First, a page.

Fodder?  Meaning, that the level of fodder produced needs to grow so that we are able to produce more dairy cows.  Usually we do it the other way around!  We say well, there is not enough (supply, given demand for) fodder.  The market says that the demand is growing and then, it (the market) tries to scramble to ‘close the gap’.

When demand drives supply, that’s a sign of non-systemic development of the nation.   But in a systemic relationship it is the supply that leads demand.  Notice it does not drive it.  It facilitates.  It just makes it easier.  It respects the order in which causality happen.

English: Distributing TMR (Total Mixed Ration)...

Image via Wikipedia

So, therefore before we expect to see the number of dairy cows grow in the country, we should first expect  to see the number of companies that produce fodder grow within the country.  This needs to happen before anything else does, almost to a fault.

When that industry grows (production levels rise at lower units costs), the amount of fodder available in the country also grows.  Therefore, as a result, it will not become difficult for the cows to “eat and go forth and multiply“.  And when it does, the dairy production levels in the country would naturally increase. This happens even without needing the government to take actions to intervene.  This will also add up to lower costs in running the government.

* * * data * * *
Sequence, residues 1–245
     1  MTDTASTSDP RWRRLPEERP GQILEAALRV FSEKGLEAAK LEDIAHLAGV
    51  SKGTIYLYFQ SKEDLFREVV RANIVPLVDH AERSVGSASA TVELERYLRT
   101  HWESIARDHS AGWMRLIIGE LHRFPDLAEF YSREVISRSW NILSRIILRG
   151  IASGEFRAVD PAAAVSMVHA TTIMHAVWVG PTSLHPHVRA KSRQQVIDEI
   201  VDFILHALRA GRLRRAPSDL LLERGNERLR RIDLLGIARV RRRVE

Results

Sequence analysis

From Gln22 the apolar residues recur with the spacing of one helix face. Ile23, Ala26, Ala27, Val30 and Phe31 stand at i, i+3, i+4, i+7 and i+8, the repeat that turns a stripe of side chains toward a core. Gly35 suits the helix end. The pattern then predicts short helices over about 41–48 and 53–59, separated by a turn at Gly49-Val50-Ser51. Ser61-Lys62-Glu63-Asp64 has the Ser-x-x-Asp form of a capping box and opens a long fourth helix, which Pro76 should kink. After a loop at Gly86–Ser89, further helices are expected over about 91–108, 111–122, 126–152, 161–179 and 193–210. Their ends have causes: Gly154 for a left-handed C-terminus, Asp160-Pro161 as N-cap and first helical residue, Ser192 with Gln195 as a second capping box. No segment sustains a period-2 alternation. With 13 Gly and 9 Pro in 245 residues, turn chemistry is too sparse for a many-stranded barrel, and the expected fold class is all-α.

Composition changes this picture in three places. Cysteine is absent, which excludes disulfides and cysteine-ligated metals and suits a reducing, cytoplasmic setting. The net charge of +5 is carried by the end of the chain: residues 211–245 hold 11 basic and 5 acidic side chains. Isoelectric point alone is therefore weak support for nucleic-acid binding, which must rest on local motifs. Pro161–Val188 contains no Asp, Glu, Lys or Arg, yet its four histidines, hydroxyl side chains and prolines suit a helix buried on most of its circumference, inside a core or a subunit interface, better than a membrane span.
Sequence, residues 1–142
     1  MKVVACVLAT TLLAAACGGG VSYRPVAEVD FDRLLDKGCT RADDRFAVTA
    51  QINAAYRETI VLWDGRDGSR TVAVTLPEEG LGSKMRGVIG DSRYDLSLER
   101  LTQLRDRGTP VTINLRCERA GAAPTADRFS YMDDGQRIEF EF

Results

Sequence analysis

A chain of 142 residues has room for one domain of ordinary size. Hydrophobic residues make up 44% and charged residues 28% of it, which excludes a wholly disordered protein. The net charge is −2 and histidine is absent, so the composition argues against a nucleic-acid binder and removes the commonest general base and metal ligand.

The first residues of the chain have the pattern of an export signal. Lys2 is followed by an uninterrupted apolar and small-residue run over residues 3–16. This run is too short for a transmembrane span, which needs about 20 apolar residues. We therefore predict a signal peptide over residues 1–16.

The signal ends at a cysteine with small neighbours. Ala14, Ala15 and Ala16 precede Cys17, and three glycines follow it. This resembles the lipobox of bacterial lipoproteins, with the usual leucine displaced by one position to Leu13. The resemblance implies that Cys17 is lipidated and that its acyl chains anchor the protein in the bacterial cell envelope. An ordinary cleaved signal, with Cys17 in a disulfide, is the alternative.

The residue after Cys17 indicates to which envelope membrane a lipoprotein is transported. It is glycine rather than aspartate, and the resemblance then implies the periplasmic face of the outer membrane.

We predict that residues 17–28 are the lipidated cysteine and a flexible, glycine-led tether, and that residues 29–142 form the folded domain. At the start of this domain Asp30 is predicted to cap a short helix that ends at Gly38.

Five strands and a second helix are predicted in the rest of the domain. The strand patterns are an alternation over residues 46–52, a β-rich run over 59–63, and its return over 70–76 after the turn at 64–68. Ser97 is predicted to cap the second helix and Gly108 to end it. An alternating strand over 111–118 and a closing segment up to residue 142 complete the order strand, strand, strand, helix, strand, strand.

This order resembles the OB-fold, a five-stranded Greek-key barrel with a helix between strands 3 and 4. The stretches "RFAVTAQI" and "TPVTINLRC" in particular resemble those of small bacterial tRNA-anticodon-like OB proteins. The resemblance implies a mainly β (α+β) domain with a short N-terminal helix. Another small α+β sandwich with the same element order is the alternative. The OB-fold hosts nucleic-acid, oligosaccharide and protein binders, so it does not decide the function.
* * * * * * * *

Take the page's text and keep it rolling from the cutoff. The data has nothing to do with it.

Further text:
What’s the next question?

Did you say, what would it take for the fodder industry to grow over time?  You are right!  Now we can see, you’ve got the drill.

Growth of the Fodder Industry

Where does fodder come from?

You are right.  Crops!  Fodder is often the by-product or the remnants of crops once humans have used it for their consumption.

English: Fodder crop

Image via Wikipedia

So what are we saying here?  For dairy production to grow within the county, we need to first see the growth of crops produced in the country, grow as an industry.  When that does not happen, and should it instead decline, then the fodder industry declines, which in turn leads to dairy cow production declining which in turn reduces dairy production or makes it difficult to take off for the country.

So what causes crop production to grow in the country?

Which one of the following, in your view, when it is available makes it easier for crop production to grow?  Which of the following would we need to see available?:

  • Land
  • Water
  • Seeds
  • Fertilizer or
  • Is would it be the willingness of people to grow crops for cattle?

Growth of the Crop Industry